Power (and Water) to the People

Finding Water in the Desert
by Jessye Waxman -- October 4th, 2013


Kibbutz Ketura from Electricity Mountain

I never thought I would live some place that wasn’t green. I’ll take the lush landscapes of the Blue Ridge Mountains to the red rocks of Sedona any day. But this past January, as I climbed the mountain overlook to see what was to be my home for the next five months, I saw Kibbutz Ketura, a shockingly green oasis in an otherwise rocky and barren desert landscape.

Located in the south of Jordan Valley, the Arava Valley is an unforgiving environment. With a hyper-arid climate (annual rainfall less than 30 mm (1.2 inches)), some of the highest levels of solar radiation in the world, and summer temperatures frequently topping 110 degrees, it’s hard to imagine that anyone could conceivably, let alone voluntarily, live there.

Not surprisingly, adapting a modern lifestyle to this isolated, arid climate presents interesting challenges, especially when it comes to water.

Most Israelis are supplied with water from National Water Carrier, Mekorot’s system of freshwater pipelines (Mekorot is Israel’s national water company). The National Water Carrier brings water from Lake Kinneret in the north of Israel to the northern tip of the Negev desert. But, Kibbutz Ketura (see red arrow on map)—and the other communities in the Arava Valley—is too isolated to be connected.

Instead, the regional kibbutzim are connected to a second pipeline, Pharan, which sources its water from the non-renewable aquifers in the Arava Valley. However, these waters are brackish, water with a salinity somewhere between freshwater and seawater. Providing water to communities in the Arava Valley therefore requires desalination, an energy-intensive process that, although now affordable in developed countries, is by no means cheap. So why desalinate more than necessary?

Screen shot 2013-10-04 at 1.51.24 AM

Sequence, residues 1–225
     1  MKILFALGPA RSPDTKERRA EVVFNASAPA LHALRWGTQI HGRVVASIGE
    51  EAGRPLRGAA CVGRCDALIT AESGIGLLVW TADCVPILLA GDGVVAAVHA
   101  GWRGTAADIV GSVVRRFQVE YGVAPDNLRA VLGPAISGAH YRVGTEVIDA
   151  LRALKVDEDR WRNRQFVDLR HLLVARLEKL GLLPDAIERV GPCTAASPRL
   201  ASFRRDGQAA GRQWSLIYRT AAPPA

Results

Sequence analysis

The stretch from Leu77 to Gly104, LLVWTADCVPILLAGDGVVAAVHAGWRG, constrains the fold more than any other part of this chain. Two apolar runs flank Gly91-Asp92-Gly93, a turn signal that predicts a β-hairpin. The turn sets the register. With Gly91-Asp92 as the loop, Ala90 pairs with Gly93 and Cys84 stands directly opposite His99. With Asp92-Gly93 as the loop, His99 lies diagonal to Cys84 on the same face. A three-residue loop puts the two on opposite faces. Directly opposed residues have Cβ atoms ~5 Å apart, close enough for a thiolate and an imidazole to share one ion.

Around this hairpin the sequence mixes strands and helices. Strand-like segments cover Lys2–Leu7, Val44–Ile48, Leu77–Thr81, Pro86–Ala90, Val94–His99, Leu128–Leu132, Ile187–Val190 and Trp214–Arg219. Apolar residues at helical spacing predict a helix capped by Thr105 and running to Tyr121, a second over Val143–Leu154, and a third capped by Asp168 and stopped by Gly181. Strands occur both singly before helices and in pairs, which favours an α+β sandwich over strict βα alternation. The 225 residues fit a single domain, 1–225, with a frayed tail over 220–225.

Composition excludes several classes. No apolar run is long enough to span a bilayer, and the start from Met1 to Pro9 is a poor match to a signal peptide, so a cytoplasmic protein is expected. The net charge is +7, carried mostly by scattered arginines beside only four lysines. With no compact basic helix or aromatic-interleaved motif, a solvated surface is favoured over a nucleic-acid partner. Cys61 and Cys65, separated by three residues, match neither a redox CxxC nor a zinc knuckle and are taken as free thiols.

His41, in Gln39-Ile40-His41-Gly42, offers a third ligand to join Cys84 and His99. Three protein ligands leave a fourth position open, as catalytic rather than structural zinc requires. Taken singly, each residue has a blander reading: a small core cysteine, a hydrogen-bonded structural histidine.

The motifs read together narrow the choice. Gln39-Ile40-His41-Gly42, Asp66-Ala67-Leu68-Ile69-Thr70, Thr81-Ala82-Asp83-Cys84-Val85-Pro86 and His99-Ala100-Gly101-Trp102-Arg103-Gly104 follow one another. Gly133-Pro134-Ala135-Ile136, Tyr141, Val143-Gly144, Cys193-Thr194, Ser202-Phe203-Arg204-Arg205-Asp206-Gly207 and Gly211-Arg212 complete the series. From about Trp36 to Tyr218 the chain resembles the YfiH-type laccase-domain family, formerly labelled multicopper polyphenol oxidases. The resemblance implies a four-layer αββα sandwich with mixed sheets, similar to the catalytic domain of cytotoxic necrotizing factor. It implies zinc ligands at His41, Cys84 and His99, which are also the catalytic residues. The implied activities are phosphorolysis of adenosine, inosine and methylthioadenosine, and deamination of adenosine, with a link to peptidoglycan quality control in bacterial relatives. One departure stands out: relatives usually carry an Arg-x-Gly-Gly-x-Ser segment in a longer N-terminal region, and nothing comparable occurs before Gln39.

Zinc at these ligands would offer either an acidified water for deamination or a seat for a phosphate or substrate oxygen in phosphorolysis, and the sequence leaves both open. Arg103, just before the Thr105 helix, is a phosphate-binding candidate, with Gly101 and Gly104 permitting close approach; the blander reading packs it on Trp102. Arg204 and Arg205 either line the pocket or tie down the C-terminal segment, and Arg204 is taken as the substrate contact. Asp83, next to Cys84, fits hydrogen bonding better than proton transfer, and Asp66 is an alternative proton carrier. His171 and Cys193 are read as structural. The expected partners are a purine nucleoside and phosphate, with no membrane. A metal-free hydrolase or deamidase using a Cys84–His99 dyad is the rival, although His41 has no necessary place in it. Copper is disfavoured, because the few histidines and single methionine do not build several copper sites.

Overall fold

Photo from Wikipedia page National Water Carrier of Israel

As such, every building has two sets of taps – ones for drinking water, and ones for everything else. The drinking water taps receive desalinated water, while the non-potable taps receive brackish water. When we forgot to use the desalinated tap to make ice, we would find a layer of salt at the bottom of our glass. And though our dorms had never been used, by the end of the five month semester centimeter-think salt deposits had formed around the faucets in the bathroom and kitchen.

It took almost two weeks after I left the kibbutz for me to stop looking for that second tap.

It’s hard to believe that, even though I was in a developed country, I couldn’t always drink what came out of a tap. The United States is much more an exception than the rule; we tend to take for granted that we can go anywhere and drink the water. I know I certainly do. That’s why I was genuinely shocked this past week when I was stopped from filling my water bottle by a security guard at the Old Post Office Pavilion in Washington DC. He told me  I would glow if I drank water from the building’s 123-year-old pipes.

The Safe Drinking Water Act (SWDA) of 1974 regulates drinking water quality in the United States. It sets limitations for concentrations of certain contaminants and requires frequent quality testing (though frequency is dependent on the contaminant, the water source, and the size of the population served). But SWDA only regulates the water in municipal systems; it speaks nothing to problems from the country’s aging water infrastructure, like in the Old Post Office Pavilion, or private well water, which will be the topic of future blog posts. Stay tuned!

1 Comment

  1. Erika Zambello
    Erika Zambello
    Oct 10, 2013

    Faucet salt deposits! I never would have thought that could happen, even with salt water coming out of the tap. That must have been really interesting to see.

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